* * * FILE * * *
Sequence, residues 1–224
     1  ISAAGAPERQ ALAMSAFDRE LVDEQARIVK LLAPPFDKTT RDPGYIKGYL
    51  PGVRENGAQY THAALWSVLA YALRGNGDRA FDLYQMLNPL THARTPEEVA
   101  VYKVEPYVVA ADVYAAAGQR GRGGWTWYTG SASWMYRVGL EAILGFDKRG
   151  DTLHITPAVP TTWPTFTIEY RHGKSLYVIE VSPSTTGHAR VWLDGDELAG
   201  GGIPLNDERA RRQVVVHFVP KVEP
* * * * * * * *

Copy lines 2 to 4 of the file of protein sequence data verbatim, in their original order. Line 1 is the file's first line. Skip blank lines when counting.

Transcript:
     1  ISAAGAPERQ ALAMSAFDRE LVDEQARIVK LLAPPFDKTT RDPGYIKGYL
    51  PGVRENGAQY THAALWSVLA YALRGNGDRA FDLYQMLNPL THARTPEEVA
   101  VYKVEPYVVA ADVYAAAGQR GRGGWTWYTG SASWMYRVGL EAILGFDKRG